1 Productivity is continuous and weakly increasing in talent and effort.
2 The sum of efforts allocated to all activities is bounded, and this bound is similar across people.
3 Families and hobbies take some effort, thus less is left for work. (For this assumption to hold, it may be necessary to focus on families with children in which the partner is working in a different field. Otherwise, a stay-at-home partner may take care of the cooking and cleaning, freeing up time for the working spouse to allocate to work. A partner in the same field of work may provide a collaboration synergy. In both cases, the productivity of the top person in question may increase.)
4 The talent distribution is similar for people with and without families or hobbies. This assumption would be violated if for example talented people are much better at finding a partner and starting a family.
Under these assumptions, reasonably rational people would be more productive without families or hobbies. If success is mostly determined by productivity, then people without families should be more successful on average. In other words, most top people in any endeavour would not have families or hobbies that take time away from work.
In short, if responsibilities and distractions cause lower productivity, and productivity causes success, then success is negatively correlated with such distractions. Therefore, if successful people have families with a similar or greater frequency as the general population, then success is not driven by productivity.
One counterargument is that people first become successful and then start families. In order for this to explain the similar fractions of singles among top and bottom achievers, the rate of family formation after success must be much greater than among the unsuccessful, because catching up from a late start requires a higher rate of increase.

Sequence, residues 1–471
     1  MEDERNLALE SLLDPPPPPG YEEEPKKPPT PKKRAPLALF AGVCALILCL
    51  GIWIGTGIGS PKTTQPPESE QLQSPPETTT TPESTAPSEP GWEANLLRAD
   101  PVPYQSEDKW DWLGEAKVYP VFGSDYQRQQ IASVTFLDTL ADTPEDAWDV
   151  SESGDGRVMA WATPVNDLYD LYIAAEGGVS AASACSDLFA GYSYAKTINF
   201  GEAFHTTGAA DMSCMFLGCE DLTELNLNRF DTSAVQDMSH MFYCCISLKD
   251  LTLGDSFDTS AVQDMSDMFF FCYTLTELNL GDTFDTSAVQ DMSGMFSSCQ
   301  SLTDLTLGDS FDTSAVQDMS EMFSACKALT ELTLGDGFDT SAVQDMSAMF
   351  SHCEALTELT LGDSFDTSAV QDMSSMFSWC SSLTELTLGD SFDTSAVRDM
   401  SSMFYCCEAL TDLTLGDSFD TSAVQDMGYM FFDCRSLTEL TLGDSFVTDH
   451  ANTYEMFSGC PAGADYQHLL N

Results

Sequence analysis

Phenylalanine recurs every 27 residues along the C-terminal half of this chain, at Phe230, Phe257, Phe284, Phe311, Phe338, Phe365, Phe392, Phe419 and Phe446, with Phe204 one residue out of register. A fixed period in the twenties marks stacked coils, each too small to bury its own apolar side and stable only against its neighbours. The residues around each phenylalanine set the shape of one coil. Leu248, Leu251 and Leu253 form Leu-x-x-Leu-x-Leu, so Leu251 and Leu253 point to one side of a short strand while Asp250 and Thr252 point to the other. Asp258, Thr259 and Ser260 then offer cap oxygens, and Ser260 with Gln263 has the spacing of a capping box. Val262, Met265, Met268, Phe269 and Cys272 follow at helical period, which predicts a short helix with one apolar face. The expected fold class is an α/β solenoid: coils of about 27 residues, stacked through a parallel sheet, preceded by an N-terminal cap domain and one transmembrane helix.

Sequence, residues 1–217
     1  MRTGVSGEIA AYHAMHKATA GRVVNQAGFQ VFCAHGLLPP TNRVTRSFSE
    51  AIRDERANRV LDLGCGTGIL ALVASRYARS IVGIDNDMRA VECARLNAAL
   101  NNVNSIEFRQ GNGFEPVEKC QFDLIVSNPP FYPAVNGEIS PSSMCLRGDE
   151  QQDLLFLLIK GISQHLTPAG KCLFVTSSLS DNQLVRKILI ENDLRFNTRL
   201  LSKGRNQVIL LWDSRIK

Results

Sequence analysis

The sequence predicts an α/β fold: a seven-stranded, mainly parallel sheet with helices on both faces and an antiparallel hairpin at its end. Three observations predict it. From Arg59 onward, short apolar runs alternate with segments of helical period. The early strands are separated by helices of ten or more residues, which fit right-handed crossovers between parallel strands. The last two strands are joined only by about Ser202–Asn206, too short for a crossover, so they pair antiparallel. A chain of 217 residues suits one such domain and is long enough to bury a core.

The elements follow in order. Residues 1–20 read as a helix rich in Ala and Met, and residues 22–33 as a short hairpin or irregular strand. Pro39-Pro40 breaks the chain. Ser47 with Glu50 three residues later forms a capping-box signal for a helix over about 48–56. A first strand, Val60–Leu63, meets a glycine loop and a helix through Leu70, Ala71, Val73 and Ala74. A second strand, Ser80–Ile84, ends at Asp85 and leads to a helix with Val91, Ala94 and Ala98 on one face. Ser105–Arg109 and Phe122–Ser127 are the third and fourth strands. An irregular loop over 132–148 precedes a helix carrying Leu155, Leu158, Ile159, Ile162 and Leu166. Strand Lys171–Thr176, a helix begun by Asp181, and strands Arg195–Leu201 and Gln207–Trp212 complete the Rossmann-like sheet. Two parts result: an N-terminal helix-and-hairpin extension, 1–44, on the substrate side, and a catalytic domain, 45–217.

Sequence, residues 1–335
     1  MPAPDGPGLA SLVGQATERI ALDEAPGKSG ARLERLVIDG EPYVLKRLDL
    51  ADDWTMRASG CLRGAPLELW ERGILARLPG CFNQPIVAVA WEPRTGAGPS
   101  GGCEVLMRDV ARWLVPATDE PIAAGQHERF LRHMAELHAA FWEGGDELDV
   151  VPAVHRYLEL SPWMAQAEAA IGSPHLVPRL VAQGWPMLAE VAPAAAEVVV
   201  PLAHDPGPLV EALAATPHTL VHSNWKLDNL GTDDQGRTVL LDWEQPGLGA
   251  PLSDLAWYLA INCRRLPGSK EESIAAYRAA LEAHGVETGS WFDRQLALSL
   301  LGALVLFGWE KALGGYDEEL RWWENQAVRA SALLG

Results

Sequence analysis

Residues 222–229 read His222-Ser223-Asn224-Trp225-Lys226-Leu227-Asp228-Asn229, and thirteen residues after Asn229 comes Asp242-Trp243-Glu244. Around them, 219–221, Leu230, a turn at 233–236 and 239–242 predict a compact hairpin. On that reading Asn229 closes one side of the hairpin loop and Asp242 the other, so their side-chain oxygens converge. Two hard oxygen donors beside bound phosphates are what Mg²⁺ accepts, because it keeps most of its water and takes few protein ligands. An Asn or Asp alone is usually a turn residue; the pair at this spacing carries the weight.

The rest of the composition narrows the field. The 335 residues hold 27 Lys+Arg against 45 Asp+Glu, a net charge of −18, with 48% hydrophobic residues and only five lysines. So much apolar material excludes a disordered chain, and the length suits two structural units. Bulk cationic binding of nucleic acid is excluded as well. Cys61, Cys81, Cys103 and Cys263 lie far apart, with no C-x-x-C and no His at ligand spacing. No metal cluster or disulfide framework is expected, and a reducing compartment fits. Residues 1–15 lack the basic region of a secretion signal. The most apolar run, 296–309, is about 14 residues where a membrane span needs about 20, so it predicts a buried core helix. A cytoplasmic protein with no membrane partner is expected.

Another explanation is irrationality of a specific form – one which reduces the productivity of high effort significantly below that of medium effort. Then single people with lots of time for work would produce less through their high effort than those with families and hobbies via their medium effort. Productivity per hour naturally falls with increasing hours, but the issue here is total output (the hours times the per-hour productivity). An extra work hour has to contribute negatively to success to explain the lack of family-success correlation. One mechanism for a negative effect of hours on output is burnout of workaholics. For this explanation, people have to be irrational enough to keep working even when their total output falls as a result.
If the above explanations seem unlikely but the assumptions reasonable in a given field of human endeavour, then reaching the top and staying there is mostly not about productivity (talent and effort) in this field. For example, in academic research.
A related empirical test of whether success in a given field is caused by productivity is to check whether people from countries or groups that score highly on corruption indices disproportionately succeed in this field. Either conditional on entering the field or unconditionally. In academia, in fields where convincing others is more important than the objective correctness of one’s results, people from more nepotist cultures should have an advantage. The same applies to journals – the general interest ones care relatively more about a good story, the field journals more about correctness. Do people from more corrupt countries publish relatively more in general interest journals, given their total publications? Of course, conditional on their observable characteristics like the current country of employment.
Another related test for meritocracy in academia or the R&D industry is whether coauthored publications and patents are divided by the number of coauthors in their influence on salaries and promotions. If there is an established ranking of institutions or job titles, then do those at higher ranks have more quality-weighted coauthor-divided articles and patents? The quality-weighting is the difficult part, because usually there is no independent measure of quality (unaffected by the dependent variable, be it promotions, salary, publication venue).